Where I actually spent a bit of time sophomore year, with a view of the Tower.

And here I go again! And I’m kind of a pro;) So here are some tips…

All in: Come early, stay late, wear grunge and be fast. Be really fast: Move boxes, go back, move more, … Careful, though: You’re bound to drop something, so get your cat-like reflexes ready. Distribute: Everyone should have a task, and the wimpy girl shouldn’t be struggling with the huge couch. Eat now and then: You’ll get cranky on this day, so have donuts or Cheetos lying at random grab stations. Finish, no matter what: As with the first rule, you just got to keep going, so on day two, you only have a few finishing touches, then you can enjoy.

loved living alone junior year...

loved living alone junior year…

Guzzle water:  This is a workout, so stay hydrated, too. Have everything ready: When the few friends/fam do show to help, have wall hangings down, dishes packed away and your game face on. Ignore problems: Notice a rip in some jeans as Dad is carrying them out? Hem ’em later, honey. Juggle: That’s what the whole day is about, literally and figuratively. Keep rooms organized: It’s best to load all the living room furniture together to be carried straight into the new living room. Let anyone/everyone help: You know that creepy neighbor you avoided all semester? His able body is now your best friend. Manage wisely: Don’t be a move-zilla but still be able to efficiently tell people where things go, what to be extra careful with, etc. Never use U-Haul storage: One bad experience there = bye-bye, business. Own up to your junk: “Alllll these boxes of Oreos are your’s?” “You still sleep with stuffed animals?” Yes and yes! Put clothes on a rod: Keep outfits hanging by transporting them on a spare curtain rod. Quit worrying that your bf’s roomie is holding that trunk all wrong: As long as nothing gets totally smashed, you have to put caution and OCD a littttle to the side and focus on getting everything out. Rid yourself: Your pre-moving day would be a good time to donate old items.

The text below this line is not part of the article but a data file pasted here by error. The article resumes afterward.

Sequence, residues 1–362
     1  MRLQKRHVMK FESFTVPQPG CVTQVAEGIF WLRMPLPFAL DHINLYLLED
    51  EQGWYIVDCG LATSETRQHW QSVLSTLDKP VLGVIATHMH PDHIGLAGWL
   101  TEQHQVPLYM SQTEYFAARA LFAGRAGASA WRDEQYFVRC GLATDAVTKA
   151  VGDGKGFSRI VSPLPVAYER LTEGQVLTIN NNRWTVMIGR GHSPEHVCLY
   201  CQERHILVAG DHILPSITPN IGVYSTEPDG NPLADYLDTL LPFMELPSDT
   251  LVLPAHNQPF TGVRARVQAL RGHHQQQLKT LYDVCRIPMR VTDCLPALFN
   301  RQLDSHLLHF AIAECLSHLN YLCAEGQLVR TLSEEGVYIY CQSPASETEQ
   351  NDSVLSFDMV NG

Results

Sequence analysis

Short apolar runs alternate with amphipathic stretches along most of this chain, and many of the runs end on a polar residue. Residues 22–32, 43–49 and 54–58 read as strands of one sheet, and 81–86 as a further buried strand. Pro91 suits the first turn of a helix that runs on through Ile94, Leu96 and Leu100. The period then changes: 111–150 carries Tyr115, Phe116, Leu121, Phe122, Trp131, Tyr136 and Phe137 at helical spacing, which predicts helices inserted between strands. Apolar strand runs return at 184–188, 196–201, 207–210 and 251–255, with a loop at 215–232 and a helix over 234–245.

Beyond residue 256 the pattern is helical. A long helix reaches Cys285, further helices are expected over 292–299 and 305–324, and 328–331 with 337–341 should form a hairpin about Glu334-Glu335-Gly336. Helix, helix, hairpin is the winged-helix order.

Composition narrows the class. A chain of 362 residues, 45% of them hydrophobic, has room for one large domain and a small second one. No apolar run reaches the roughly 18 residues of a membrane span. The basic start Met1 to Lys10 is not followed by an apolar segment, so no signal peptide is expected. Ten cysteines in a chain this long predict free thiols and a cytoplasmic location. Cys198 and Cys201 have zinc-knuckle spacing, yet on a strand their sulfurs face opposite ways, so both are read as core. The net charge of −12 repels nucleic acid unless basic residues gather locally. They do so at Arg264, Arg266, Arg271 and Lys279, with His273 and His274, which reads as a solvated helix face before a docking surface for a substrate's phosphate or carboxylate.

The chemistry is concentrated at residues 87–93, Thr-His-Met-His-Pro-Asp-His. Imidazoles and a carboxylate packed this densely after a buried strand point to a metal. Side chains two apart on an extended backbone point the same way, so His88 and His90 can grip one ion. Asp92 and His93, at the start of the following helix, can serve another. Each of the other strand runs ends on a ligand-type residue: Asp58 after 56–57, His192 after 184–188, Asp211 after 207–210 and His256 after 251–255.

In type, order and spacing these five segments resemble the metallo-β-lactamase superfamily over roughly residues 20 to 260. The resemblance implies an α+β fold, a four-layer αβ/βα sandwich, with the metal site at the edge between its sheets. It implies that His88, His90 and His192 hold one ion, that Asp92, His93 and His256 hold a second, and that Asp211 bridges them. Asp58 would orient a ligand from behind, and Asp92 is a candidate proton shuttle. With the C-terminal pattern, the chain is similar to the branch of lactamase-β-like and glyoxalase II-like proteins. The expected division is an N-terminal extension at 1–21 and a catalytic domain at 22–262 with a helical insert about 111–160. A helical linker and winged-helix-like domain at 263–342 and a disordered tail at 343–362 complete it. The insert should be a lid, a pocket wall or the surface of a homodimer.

Casa de Bri-Brie (for me and my roomie, Brionne), where Cat can gaze through bamboo and people can enjoy coffee outside.

Casa de Bri-Brie (for me and my roomie, Brionne), where Cat can gaze through bamboo and people can enjoy coffee outside.

Stuff your stuff: Cram as many socks, pillows and DVDs into one trash bag as possible…and then some more. Take time to clean: Before people start loading your furniture into vans (way before), you should dust shelves and vacuum cat air (Your allergic Mom will thank you.), and afterwards, leave your old apt clean to avoid charges (Trust me, they won’t think it’s good enough and still make you pay.). Use “recycled” boxes: I hardly ever need moving boxes, because my trunk, storage bins, laundry hamper and bookshelves usually help hold a great deal of my crap. Very thorough, you should be: Re-check every drawer and nook again. Whip things into place: In your new digs, don’t worry about setting everything up exactly perfect at first; just get it all in the right room. Xcitement: This IS a thrilling time, so have fun amidst the stress! You should be thankful: Thank your helpers (Gosh, I hope you have some!) periodicially and know that you’ll probably have to return this favor someday. Zap!: Before you know it, you’ll be in a fresh place with a clean kitchen and different wall arrangements…so enjoy (and throw a house-warming party)!

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fireplace and housewives in the new loft;)

thoughtful tuesday is my crazy-beautiful mind, thrown up onto this screen